Maria Guggenbichler: DJ Workshop for Women
With DJ Troya Modet
The workshops are open to women of all ages, genders and persuasions, and participation is free.
Since 2013, the DJ Workshops for Women are hosted every month in a side room of the artist-run brewery Butcher’s Tears in Amsterdam by the curator, cultural producer and radio host Amal Alhaag (Africa is Hot, Red Light Radio, Amsterdam) and the artist Maria Guggenbichler (DJ Boris Becker).
The DJ Workshops for Women provide a safe space for women to learn, play, experiment and exchange about music, passion, technology, software and skills – which is a conversation we seem to hardly have, not amongst ourselves and neither with our male colleagues. During each workshop a female DJ (or DJ collective) shares her knowledge, love, experience and trajectory with and through music, DJ-ing and the music scene.
The workshops aim to offer alternatives to the self-fashioning, intentionally inaccessible and intimidating myth of the ‘DJ-god‘, and make DJ-ing approachable for women. In the face of fundamental under-representation and, more often than not, merely stereotypical visibility of women in music and culture, our roles are confined to passivity and silence, as audience, discreet recipients, groupies, muses, and so forth. The workshops want to provide and encourage alternative opportunity for self-determined, joyful, visible and thriving action of women.
“We cannot be satisfied with the recognition and acknowledgement generated by the very system that denies a) that anything was ever broken and b) that we deserved to be the broken part; so we refuse to ask for recognition and instead we want to take apart, dismantle, tear down the structure that, right now, limits our ability to find each other, to see beyond it and to access the places that we know lie outside its walls.”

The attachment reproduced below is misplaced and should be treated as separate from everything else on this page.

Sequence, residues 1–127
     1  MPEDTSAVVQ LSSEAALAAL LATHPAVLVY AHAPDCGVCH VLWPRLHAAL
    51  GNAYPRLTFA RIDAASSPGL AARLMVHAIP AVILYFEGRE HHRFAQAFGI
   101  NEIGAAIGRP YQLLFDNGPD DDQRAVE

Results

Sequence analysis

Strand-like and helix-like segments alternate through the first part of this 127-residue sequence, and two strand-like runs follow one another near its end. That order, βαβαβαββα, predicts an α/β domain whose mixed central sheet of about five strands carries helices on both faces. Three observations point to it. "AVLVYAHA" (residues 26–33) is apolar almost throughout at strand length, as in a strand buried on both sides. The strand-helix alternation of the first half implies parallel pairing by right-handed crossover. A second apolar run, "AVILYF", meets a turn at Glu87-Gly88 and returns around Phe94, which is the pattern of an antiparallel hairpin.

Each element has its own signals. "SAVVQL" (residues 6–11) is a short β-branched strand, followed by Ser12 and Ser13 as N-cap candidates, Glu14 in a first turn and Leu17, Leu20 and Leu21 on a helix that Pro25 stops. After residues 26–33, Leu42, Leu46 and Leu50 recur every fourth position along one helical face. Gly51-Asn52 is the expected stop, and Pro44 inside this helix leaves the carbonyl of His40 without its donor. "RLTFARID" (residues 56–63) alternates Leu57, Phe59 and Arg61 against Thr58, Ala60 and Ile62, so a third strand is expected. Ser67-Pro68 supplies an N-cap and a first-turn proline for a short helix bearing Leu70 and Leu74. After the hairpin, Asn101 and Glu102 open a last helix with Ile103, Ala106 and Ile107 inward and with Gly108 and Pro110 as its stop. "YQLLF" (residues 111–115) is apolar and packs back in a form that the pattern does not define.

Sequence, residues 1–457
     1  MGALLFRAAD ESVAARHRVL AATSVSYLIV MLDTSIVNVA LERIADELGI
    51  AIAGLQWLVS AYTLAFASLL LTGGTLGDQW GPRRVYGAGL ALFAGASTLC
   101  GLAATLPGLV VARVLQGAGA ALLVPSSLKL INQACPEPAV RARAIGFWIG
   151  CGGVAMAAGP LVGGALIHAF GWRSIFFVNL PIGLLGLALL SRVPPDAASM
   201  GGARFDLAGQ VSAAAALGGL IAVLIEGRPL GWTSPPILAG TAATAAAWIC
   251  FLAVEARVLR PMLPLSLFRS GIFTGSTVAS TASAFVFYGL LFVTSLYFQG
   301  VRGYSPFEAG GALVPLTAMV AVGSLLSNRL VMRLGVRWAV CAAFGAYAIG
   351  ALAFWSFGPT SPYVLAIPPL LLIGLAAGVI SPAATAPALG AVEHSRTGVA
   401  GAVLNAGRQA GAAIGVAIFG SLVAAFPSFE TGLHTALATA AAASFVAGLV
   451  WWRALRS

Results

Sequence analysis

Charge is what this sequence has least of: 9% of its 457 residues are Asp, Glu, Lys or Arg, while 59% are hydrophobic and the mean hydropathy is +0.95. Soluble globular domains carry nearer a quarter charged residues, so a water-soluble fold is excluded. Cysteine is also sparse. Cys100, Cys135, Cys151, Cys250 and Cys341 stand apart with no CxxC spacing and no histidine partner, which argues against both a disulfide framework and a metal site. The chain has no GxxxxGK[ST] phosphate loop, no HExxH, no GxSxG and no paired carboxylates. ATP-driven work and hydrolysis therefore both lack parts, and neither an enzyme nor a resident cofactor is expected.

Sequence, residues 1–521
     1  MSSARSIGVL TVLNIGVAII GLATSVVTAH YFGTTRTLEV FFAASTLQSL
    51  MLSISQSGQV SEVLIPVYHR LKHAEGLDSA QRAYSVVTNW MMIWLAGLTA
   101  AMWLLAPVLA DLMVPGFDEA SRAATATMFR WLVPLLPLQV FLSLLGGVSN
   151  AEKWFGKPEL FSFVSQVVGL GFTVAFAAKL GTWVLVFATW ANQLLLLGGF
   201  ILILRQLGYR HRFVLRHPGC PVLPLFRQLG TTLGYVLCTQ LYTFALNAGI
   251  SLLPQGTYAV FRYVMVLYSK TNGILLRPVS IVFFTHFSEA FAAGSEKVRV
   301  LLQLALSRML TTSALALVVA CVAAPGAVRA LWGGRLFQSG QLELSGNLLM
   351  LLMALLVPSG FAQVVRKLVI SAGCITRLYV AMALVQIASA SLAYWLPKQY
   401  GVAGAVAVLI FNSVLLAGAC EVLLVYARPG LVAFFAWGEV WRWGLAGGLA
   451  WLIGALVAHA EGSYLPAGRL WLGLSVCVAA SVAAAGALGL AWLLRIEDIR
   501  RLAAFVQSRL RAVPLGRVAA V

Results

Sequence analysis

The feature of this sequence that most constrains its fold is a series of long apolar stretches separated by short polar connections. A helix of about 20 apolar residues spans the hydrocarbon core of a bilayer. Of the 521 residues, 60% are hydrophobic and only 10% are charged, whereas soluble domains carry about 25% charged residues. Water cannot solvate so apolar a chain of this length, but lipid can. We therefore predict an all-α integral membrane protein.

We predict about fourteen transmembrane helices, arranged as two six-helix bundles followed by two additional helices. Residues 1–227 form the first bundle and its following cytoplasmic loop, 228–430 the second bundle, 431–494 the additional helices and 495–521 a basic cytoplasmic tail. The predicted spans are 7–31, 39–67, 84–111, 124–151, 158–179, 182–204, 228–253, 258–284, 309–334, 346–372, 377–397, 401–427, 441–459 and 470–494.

Jack Halberstam, The Wild Beyond: With and for the Undercommons, in: Fred Moten & Stefano Harney, The Undercommons: Fugitive Planning & Black Study
Event sponsored by
Residents talk: Christian Nyampeta, Maria Guggenbichler and Elena Yaichnikova
Christian Nyampeta, Prototypes for New Habits, 2014.
Maria Guggenbichler/Amal Alhaag, Monthly DJ-ing Workshop for Women, session with the DJ collective NO GOOD/SUPER (Nadine Stijns, Natasa Heydra), Side room at Butcher’s Tears, Amsterdam, 2014
Elena Yaichnikova and Nicolas Audureau, Colocation, Year-long program of exhibitions and public talks, 2008
Tuesday April 14, 19:00 hs
Fabra i Coats
Carrer Sant Adrià, 20 (Sant Andreu) 08030 Barcelona
BAR project’s 2015 residency program is inviting artists and curators whose work research and essay different ways of living together in the world and alternative forms of community. In this context, artists Christian Nyampeta (UK), and Maria Guggenbichler (D), and curator Elena Yaichnikova (RS), in residence until the end of May, will be presenting their work and introducing the projects they are developing in Barcelona.
Christian Nyampeta is an artist who investigates into how individuals and communities negotiate forms of socially organised violence. Nyampeta makes use of what he, following his friends, refers to in terms of practical philosophy. This is a “poeisis of worlding”, making and doing that generates both singularised and collective considerations, in the hope that such understanding may relieve some of the anguish to which the legion of structural oppression subjects us.